Privately Owned Satellites Open Uncharted Territory With Data Collection

Space Economy: an Overview

David Martin reports on a new, uncharted frontier in the collection of data created by hundreds of privately produced satellites whose millions of images are available to the public and not just the government. His story will be broadcast on 60 Minutes on Sunday, Jan. 27 at 7 p.m. ET/PT on CBS.

Planet Labs, the satellite company, has launched hundreds of small satellites for commercial use, such as monitoring the health of crops. They get over a million photos from them each day.  “I’m always astonished that almost every picture we get down, we compare it to the picture from yesterday and something has changed,” says one of the company’s founders, Will Marshall.

Planet Lab has 200 customers, none more important than the U.S. Government. Martin was given rare access to the National Geospatial Intelligence Agency’s operations center, where data from U.S. government satellites and Planet Lab is secretly analyzed.

NGA Director Robert Cardillo now has access to millions more images than in the past, when the U.S. government had a monopoly on the collection of satellite data. “I’m quite excited about capabilities such as what Planet is putting up in space,” he tells Martin.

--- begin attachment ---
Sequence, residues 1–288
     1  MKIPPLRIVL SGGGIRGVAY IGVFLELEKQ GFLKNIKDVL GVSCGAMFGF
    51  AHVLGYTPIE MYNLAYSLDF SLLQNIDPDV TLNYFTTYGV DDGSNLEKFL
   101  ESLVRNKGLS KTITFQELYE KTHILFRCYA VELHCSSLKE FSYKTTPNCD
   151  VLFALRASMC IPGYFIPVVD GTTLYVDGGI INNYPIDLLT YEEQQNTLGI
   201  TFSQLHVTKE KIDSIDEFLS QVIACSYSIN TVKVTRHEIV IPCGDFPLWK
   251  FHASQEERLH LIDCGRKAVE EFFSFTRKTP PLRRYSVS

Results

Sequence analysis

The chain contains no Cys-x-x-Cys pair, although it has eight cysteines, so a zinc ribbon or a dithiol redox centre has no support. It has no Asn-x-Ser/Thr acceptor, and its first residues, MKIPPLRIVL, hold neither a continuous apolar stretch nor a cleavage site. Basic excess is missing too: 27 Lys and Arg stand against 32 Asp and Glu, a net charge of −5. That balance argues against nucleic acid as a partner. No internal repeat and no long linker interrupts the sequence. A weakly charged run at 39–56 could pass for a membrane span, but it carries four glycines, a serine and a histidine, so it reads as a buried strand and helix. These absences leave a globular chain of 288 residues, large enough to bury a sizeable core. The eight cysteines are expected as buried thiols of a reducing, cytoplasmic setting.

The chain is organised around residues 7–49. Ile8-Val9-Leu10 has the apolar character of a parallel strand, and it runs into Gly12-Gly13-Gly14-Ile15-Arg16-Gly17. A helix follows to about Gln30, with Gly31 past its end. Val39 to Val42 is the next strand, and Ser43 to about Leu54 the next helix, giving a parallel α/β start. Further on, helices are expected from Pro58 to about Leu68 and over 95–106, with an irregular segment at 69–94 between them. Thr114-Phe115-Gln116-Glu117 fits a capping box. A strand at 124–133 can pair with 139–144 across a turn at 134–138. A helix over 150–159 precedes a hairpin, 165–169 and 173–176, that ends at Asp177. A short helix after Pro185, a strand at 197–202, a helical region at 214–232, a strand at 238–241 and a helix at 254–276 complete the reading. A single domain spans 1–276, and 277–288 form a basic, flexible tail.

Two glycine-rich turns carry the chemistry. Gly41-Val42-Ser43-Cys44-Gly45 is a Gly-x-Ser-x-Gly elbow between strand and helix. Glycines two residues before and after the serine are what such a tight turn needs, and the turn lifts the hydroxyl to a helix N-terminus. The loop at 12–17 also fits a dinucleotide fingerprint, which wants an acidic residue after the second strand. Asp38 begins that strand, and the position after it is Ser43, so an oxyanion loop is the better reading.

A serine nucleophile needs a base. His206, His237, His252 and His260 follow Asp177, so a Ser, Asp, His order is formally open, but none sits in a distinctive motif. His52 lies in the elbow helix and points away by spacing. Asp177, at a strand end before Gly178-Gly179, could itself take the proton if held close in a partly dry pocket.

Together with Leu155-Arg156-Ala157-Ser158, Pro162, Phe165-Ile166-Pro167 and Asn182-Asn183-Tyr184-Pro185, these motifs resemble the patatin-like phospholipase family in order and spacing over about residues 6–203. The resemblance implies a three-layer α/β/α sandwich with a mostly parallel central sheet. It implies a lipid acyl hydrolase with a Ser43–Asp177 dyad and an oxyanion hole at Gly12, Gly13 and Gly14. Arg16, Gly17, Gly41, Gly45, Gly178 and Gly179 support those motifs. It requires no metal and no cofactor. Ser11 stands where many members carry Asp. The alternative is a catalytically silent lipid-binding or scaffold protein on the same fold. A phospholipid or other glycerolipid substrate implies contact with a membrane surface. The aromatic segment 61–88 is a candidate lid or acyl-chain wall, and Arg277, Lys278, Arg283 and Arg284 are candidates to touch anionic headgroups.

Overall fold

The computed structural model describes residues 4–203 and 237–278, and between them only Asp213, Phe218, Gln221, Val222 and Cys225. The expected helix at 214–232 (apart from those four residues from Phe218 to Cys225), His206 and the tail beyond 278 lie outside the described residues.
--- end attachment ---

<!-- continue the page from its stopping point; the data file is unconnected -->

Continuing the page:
The NGA’s analysis of satellite imagery is used extensively by the military and can monitor the movements of foreign militaries, such as the Chinese expansion in the South China Sea. The raid on the compound of Osama bin Laden was made possible through satellite imagery.

Now the rest of the world has access to this technology, those working for the good and those who may be working for the bad. The NGA does not have the authority to declare secret any of the millions of images Planet Lab has collected so far and to come. It’s a new frontier with a multitude of possibilities that Marshall of Planet Labs says he is worried about, but nonetheless must explore. “I worry a lot and we wouldn’t have started Planet if we didn’t have a very strong conviction that the vast majority of the use cases are very, very positive.”

Original Article:

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